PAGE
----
Animals 'could face food shortages as trees under immense stress from climate change'

Woodland creatures could see their food supplies drop this winter as trees around the country are under immense stress due to climate change. Credit: PA

Woodland creatures could see their food supplies drop this winter as trees around the country are being put under immense stress and are struggling to survive due to climate change, the National Trust has warned.

The UK experienced record-breaking temperatures earlier this year, including a high of 40C in July, which contributed to drought and early fruiting of nuts and berries. 

The National Trust, the UK’s leading conservation charity, has said this could affect squirrels and jays if nuts and berries fall from trees prematurely.

Pamela Smith, Senior National Gardens and Parks Consultant at the National Trust said: "Rowan berries for instance would typically stay on the trees until Christmas, but some are already falling now - which could affect food stocks for wildlife.

"This bountiful period and glut of food may impact our wildlife during the winter months with not so much food available when they need it most."

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She recommends that people with gardens or green space to "garden with wildlife in mind", for example by digging a pond and planting fruit and nut hedges such as blackthorn or hazel.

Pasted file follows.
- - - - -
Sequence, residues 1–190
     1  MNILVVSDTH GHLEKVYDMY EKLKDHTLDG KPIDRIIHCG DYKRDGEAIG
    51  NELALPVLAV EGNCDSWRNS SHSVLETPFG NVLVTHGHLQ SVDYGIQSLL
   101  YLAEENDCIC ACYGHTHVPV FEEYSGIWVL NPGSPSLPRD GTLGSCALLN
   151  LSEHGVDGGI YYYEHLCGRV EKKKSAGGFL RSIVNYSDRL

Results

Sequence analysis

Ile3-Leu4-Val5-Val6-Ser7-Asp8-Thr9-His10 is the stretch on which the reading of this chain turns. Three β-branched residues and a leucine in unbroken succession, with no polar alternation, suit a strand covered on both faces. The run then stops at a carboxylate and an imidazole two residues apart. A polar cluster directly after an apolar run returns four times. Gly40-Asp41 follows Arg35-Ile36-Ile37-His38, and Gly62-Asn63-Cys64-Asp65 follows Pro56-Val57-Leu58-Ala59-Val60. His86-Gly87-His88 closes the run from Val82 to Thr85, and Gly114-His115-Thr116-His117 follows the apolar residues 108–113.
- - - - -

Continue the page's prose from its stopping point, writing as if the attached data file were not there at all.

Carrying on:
Other ways to encourage nature closer to home, is by leaving areas of grass unmown and keeping the area around the compost heap unmanaged, which helps wildlife find shelter, food and water during the winter months.

The start of autumn is usually noticed by the changing colour of trees, but the charity is cautioning that trees will be heavily impacted by the warming climate unless urgent action is taken to tackle climate change.

Signs of this have been seen across the UK with many thinking autumn had arrived early with brown leaves falling to the ground in August.

However, this phenomenon, known as a 'false autumn', is due to the drought and trees simply not having enough water.

This could mean that tree leaves may take a more golden-brown and yellow colour instead.

Autumn colours only tend to show when the overnight temperatures starts to fall, although it has to remain above freezing.

Ms Smith thinks the north will be a good first indicator of how good this year's autumn colour will be as the phenomenon will spread to the south across the country from there.

John Deakin, Head of Trees & Woodlands, said: "We have witnessed first-hand how they have weathered this year's summer by drawing back moisture from leaves, which has resulted in some brown leaves desiccating and dropping to the ground already."

Mr Deakin said: "Despite their potential to span millennia, trees will struggle to survive consecutive summers of searingly hot temperatures and not enough rain.  

"The damage to their vascular system and energy reserves is cumulative and may reach crisis point meaning we will unfortunately see more trees starting to decline and die, and they'll also be more susceptible to pests and disease."

He continued: "However, we know that some species will prove more resilient to the increase in extreme weather events and pests and diseases than others. Therefore, species diversification is a part of the answer to climate impacts."

The National Trust has big ambitions around tree planting, with a target of planting and establishing 20 million trees by 2030.